When Lombardy and Tuscany meet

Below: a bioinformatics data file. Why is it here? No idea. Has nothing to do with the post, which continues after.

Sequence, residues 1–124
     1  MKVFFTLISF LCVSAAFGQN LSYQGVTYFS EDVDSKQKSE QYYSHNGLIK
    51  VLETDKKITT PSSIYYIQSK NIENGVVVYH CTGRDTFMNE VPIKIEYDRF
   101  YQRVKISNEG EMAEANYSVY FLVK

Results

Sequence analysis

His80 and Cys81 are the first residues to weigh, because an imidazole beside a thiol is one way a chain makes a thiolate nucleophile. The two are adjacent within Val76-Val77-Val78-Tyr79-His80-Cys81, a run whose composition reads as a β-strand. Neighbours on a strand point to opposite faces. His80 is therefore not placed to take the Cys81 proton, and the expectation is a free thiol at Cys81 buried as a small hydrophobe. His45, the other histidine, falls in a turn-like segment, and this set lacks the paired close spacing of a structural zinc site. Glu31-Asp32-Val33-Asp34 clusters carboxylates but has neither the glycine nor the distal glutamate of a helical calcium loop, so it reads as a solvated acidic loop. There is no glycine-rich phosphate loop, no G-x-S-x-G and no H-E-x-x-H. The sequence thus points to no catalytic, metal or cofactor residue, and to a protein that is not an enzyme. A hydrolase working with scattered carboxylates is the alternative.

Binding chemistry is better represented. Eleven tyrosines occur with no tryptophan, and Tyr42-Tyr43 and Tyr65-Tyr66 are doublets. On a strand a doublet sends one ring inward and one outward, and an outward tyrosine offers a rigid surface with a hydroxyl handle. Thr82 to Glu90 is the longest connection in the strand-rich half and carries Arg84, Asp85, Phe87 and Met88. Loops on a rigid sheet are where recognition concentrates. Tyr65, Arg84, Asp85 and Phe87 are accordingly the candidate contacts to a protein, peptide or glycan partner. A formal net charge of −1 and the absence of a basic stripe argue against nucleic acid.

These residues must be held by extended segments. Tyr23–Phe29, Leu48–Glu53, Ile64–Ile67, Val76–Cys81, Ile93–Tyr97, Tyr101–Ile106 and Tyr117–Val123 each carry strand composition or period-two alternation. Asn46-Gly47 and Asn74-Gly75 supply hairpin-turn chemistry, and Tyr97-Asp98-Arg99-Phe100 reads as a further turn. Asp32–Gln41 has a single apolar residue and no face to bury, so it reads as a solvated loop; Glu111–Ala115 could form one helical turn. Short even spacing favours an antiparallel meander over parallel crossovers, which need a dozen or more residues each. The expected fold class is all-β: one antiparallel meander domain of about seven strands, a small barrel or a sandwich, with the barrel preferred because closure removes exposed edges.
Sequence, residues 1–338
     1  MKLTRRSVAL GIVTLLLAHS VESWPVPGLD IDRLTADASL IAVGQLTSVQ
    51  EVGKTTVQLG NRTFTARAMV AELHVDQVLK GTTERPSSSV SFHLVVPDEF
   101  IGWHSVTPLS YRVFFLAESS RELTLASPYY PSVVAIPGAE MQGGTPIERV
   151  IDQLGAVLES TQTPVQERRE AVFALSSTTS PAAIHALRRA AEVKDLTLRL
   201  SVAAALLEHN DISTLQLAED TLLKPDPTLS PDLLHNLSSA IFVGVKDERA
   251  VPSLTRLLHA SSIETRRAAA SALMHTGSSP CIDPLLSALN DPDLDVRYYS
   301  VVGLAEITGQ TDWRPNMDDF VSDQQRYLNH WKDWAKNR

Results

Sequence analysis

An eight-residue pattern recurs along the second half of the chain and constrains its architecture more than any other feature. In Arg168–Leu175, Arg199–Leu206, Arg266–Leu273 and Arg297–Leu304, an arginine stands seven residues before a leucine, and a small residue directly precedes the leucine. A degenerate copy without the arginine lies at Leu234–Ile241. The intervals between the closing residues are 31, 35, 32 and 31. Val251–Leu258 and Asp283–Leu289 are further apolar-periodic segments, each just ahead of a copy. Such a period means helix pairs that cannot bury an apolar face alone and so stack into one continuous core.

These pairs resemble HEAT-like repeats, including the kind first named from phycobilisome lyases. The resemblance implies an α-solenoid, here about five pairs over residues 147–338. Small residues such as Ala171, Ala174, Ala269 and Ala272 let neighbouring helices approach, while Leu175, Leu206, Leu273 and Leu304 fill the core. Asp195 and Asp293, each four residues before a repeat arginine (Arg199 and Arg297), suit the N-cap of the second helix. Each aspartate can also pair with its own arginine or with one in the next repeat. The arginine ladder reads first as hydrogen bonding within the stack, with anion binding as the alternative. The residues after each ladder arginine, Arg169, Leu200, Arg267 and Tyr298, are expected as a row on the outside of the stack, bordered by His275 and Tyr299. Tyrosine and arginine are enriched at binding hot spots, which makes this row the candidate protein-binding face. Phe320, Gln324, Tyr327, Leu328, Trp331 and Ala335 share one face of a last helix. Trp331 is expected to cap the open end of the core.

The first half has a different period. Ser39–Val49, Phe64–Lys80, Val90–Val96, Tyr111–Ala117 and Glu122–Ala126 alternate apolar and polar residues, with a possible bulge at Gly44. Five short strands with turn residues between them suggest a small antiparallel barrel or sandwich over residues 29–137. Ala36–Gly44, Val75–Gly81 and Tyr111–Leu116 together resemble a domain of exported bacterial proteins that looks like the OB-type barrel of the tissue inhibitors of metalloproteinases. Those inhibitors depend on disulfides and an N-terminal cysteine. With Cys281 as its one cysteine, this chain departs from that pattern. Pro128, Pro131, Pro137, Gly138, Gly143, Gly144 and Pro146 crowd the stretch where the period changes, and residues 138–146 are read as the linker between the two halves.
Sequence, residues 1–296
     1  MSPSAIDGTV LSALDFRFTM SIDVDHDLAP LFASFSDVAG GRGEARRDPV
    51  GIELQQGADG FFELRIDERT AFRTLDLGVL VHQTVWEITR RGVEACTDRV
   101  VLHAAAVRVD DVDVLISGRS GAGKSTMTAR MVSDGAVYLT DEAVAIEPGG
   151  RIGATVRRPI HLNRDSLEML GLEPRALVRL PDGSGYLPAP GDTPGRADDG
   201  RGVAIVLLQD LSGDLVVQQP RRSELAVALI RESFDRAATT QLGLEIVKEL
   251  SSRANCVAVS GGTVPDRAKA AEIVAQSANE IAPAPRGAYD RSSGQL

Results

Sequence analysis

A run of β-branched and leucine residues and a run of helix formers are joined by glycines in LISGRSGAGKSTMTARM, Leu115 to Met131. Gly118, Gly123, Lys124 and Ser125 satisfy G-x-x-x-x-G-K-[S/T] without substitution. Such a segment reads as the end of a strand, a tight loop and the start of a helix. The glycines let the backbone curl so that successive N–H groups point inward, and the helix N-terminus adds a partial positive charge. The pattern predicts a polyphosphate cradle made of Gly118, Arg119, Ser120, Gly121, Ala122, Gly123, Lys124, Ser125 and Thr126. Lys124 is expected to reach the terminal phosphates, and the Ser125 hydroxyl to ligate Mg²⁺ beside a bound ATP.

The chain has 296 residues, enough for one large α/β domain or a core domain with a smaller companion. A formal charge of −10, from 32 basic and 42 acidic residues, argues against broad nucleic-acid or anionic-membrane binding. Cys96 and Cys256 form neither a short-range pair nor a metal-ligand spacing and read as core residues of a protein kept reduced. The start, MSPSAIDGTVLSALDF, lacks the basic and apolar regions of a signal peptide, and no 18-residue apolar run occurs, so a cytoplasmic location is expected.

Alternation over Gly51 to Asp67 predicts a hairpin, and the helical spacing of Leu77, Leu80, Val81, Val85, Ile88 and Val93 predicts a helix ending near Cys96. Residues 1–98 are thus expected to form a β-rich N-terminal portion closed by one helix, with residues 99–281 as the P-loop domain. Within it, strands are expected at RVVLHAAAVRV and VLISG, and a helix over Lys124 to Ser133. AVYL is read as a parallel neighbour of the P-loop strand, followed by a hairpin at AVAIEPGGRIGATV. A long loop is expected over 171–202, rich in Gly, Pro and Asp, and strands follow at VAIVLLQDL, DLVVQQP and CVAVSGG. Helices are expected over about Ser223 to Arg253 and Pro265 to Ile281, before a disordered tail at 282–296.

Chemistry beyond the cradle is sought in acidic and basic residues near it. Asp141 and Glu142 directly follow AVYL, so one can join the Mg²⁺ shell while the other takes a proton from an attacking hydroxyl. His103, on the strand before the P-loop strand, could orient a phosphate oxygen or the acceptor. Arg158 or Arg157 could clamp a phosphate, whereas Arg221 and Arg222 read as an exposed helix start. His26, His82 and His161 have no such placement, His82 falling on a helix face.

The Basilica di Sant’Eustorgio, the ancient headquarters of Milan’s Domenican Order, hosts the Portinari Chapel, a masterpiece of Lombard Renaissance. The Basilica di Sant’Eustorgio was built upon the spot where, according to tradition, the stone sarcophagus containing the remains of the Three Kings, donated to Sant’Eustorgio by Constantine I, was left during its onward journey to the Basilica of Santa Tecla. However, the biggest draw at this large Neo-Romanesque church, which still hosts a part of the remains, is the Portinari Chapel, one of the most important masterpieces of Lombard Renaissance in Milan. The chapel, built between 1462 and 1468 in honour of St. Peter Martyr, was commissioned by the Florentine nobleman Pigello Portinari. It is a surprising example of the interplay between typical Florentine architecture, represented by a small apse and a main square-plan space surmounted by a dome, and Milanese decorative elements. The cycle of frescoes by Vincenzo Foppa, located beneath the multi-coloured sixteen-section dome, interacts with the monumental Carrara marble ark of St. Peter Martyr, comprising a sarcophagus, with eight tiles featuring scenes from the life of the saint, interspersed with eight figures of saints. Eight oculi depict the four Fathers of the Church, Saint Eustorgius, Saint Thomas, Saint Peter and Saint Paul, while the altar shows a portrait of its donor, Pigello Portinari.